A study published in The Annals of Thoracic Surgery outlines the work of researchers at the Aortic Institute at Yale who have tested the genomes of more than 100 patients with thoracic aortic aneurysms and have provided personalised care. It is believed that their work could lead to the development of a "dictionary" of genes specific to the disease.
It has already been established by experts that thoracic aortic aneurysms run in families and are caused mainly by specific genetic mutations. However, the testing for these mutations are fairly expensive and impractical.
The Aortic Institute collaborated with Allen Bale, M.D. of Yale's Department of Genetics to launch a program to test whole genomes of patients with the condition. The research team applied the Whole Exome Sequencing (WES) technology to more than 100 individuals with aortic aneurysms over a period of three years. It is the first widespread application of WES to this disease.
The researchers found four mutations known to cause thoracic aortic aneurysms. By applying this technology, they were able to identify patients with genetic mutations. They also uncovered 22 previously unknown gene variants that likely also contribute to the condition and were able to tailor treatment according to each patient's genetic profile. Thus, they were able to make personalised aortic aneurysm care a reality. They also offered testing to family members and found genetic mutations in relatives that showed no signs of the disease.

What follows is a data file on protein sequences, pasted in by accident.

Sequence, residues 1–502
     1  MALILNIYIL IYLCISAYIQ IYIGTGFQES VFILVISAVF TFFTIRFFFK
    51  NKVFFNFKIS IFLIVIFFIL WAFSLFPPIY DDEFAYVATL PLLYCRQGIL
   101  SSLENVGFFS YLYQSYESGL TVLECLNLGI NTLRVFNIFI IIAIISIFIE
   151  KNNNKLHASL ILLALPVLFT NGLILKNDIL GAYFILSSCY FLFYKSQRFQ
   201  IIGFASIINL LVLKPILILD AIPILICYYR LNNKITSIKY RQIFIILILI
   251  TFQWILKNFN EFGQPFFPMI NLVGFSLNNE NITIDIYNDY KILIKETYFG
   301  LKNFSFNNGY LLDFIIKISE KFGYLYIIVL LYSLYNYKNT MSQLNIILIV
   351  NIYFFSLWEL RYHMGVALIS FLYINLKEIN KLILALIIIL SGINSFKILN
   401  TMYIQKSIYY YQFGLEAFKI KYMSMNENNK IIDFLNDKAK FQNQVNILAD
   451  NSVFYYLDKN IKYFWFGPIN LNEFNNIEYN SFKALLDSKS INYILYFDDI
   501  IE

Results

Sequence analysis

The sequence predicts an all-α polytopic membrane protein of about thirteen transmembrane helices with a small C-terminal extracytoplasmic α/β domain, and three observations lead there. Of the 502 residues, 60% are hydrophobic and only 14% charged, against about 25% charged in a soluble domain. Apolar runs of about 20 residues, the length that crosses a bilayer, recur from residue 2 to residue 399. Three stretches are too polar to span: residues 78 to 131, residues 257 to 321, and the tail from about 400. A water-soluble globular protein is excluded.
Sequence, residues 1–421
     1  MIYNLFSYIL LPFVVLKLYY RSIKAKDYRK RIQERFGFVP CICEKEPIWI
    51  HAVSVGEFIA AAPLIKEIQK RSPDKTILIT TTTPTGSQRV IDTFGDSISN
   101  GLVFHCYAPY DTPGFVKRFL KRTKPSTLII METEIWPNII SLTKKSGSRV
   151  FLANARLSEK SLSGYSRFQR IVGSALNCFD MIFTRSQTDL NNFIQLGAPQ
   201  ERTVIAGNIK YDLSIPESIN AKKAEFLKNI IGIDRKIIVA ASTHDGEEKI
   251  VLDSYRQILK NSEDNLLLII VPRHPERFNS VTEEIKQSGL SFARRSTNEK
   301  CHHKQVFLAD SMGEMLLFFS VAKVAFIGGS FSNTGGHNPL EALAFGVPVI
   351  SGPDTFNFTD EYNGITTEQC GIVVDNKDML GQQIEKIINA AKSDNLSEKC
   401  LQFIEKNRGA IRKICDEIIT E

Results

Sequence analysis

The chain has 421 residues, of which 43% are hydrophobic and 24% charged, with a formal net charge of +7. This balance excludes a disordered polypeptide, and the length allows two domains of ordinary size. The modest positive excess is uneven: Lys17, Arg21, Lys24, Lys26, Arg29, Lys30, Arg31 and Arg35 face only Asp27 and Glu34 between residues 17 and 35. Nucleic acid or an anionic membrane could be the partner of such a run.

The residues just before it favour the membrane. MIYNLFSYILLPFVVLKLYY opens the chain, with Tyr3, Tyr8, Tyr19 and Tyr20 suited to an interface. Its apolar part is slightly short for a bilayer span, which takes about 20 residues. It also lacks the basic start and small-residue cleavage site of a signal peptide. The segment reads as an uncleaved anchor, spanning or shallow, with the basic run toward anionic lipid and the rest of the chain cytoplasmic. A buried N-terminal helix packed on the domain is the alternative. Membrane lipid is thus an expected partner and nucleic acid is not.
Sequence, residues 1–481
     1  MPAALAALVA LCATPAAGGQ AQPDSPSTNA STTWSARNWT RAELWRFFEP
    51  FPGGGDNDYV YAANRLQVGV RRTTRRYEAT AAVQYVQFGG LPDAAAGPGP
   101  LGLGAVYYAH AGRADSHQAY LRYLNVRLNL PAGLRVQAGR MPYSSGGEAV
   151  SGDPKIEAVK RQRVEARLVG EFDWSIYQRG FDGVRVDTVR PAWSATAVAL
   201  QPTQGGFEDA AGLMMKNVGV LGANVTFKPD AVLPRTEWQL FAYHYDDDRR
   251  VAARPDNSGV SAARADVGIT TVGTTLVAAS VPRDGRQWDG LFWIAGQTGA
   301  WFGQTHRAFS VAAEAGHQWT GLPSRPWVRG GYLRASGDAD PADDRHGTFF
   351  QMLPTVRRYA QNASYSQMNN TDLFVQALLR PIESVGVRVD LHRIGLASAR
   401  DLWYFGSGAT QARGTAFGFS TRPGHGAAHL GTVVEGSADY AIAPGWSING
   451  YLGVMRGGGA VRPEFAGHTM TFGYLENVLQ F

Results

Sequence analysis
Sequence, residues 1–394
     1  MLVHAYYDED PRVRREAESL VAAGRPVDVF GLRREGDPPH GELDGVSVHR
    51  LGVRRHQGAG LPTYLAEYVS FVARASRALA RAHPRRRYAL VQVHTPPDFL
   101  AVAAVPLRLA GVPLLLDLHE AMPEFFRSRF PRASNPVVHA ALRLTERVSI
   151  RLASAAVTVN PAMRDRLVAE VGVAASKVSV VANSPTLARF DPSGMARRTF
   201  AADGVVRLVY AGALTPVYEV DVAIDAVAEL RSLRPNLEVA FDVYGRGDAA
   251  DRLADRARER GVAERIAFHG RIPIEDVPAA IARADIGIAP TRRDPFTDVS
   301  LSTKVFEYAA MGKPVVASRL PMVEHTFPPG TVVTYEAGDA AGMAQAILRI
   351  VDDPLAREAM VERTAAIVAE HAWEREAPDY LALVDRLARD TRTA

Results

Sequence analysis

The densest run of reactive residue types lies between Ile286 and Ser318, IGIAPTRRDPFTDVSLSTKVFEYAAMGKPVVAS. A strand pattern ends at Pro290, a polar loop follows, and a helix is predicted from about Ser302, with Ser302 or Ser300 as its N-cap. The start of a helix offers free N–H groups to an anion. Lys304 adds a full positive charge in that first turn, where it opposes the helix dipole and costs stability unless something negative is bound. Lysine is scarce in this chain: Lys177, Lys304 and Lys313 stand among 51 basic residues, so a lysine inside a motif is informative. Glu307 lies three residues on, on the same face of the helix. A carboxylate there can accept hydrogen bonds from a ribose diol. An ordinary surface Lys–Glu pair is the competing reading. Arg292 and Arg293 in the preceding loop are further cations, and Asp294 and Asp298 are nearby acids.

The researchers are confident they can identify more gene variants over time, accumulating a whole dictionary of mutations. Lead author and cardiac surgeon John A. Elefteriades, M.D., director of the institute says, "In a few years, we're going to have discovered many new genes and be able to offer personalised care to an even greater percentage of aneurysm patient."
Source: Yale University
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